Lenders Cannot Seize Property For Delinquent Mortgages Before Foreclosure

Borrowing, Delinquency, Foreclosure & Eviction

The Washington state Supreme Court has ruled that lenders cannot take possession of a property due to missed mortgage payments without first going through foreclosure. This ruling opens the door to a federal class action spearheaded by Laura Jordan and joined by more than 3,600 borrowers. Jordan started the case after her mortgage provider seized her property following two missed payments. The lender made a forced entry into her home while she was at work and changed the locks.

While many view the lender’s actions as trespassing and theft, others in the industry say that the ruling is in conflict with many terms listed in standard mortgage agreements. The language found in many of these documents states that lenders can take several steps to maintain the value of a property that has been abandoned or is in default, including changing the locks. A brief filed by Freddie Mac supported these terms, saying that by keeping up these properties, lenders were protecting their investments and also maintaining the value of surrounding properties.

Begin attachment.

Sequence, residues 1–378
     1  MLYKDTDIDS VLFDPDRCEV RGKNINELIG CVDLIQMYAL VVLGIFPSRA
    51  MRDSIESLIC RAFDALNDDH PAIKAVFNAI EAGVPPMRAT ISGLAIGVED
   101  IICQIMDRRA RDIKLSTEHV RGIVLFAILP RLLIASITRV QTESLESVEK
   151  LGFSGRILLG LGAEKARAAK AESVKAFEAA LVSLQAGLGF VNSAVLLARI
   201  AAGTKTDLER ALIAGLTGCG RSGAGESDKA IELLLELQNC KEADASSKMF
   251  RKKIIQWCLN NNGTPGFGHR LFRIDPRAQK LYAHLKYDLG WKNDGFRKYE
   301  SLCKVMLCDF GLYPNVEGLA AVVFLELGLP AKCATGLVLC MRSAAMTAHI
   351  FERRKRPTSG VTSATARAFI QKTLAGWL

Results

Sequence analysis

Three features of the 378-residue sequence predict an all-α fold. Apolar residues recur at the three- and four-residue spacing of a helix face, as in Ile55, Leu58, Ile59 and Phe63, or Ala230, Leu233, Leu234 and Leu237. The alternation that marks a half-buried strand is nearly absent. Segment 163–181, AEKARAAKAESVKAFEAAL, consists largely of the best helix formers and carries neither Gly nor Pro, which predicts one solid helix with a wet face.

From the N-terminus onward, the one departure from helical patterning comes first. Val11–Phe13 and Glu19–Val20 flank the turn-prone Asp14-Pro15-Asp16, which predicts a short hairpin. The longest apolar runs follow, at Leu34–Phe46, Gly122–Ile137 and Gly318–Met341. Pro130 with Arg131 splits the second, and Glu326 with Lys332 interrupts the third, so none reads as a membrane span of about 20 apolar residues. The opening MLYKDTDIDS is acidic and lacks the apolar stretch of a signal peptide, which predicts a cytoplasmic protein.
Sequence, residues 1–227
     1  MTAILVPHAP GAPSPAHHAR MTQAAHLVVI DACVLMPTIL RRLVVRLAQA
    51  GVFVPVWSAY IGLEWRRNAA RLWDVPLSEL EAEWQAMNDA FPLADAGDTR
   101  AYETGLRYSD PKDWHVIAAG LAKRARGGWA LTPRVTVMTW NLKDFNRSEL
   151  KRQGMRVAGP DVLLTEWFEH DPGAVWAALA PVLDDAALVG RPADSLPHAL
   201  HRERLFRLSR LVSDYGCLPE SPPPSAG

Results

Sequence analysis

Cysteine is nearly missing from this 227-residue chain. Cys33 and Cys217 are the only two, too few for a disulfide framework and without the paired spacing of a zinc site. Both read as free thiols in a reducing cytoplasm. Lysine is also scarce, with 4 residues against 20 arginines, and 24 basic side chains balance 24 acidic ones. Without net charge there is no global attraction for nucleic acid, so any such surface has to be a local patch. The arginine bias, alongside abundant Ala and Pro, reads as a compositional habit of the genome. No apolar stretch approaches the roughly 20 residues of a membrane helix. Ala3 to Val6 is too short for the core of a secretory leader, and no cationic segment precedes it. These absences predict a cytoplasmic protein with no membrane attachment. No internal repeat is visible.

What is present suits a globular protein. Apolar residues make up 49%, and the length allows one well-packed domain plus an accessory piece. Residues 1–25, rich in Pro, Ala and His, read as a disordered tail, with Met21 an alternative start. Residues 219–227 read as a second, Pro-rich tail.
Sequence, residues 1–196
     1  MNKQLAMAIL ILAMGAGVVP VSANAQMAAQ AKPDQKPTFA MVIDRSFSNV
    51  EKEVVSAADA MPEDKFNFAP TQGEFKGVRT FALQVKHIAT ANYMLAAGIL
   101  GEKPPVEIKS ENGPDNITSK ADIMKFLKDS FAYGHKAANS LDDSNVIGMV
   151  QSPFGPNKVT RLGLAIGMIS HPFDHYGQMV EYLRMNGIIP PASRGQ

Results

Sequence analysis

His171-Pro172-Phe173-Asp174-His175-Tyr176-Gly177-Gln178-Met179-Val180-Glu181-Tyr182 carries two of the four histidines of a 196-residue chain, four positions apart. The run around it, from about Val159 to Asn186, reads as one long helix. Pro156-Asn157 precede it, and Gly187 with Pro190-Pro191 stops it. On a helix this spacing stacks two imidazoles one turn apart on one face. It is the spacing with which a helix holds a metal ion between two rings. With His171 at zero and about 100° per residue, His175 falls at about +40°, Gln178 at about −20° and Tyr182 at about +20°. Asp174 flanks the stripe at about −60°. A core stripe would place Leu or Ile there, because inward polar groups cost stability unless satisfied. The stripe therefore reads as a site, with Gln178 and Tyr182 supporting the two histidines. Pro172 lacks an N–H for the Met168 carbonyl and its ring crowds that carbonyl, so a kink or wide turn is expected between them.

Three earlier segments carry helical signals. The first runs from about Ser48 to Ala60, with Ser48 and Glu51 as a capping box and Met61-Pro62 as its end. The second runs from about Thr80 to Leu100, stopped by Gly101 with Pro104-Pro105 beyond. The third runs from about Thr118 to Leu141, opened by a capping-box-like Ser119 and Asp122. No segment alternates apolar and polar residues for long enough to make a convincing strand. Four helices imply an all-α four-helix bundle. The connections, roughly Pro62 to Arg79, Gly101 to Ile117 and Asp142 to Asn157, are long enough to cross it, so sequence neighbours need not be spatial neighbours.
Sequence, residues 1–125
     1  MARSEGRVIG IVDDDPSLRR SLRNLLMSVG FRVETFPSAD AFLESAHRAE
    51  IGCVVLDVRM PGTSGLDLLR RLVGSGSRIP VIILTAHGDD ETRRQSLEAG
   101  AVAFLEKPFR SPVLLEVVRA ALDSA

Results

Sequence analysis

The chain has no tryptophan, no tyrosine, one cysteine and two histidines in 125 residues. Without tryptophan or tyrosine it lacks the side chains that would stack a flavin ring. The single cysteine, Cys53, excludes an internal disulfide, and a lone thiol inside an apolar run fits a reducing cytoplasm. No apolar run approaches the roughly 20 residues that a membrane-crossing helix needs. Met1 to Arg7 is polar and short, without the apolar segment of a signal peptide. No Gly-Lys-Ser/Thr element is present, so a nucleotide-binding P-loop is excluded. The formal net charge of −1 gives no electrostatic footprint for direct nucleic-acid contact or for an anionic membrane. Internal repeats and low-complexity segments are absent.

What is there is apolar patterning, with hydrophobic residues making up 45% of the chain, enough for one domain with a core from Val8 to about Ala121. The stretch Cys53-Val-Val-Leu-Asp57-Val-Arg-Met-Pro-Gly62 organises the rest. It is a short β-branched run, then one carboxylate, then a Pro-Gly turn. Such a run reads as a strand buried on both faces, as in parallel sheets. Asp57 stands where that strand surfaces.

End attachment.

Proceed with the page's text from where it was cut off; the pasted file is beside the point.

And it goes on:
The court ruled six to three that without going through foreclosure, these lenders were violating the law. While the state Supreme Court was not hearing the case, the federal judge overseeing Jordan’s class action lawsuit asked the higher court to address the question.

Jordan’s lawyers say this may be the first time a state court has ruled against lenders in this issue.

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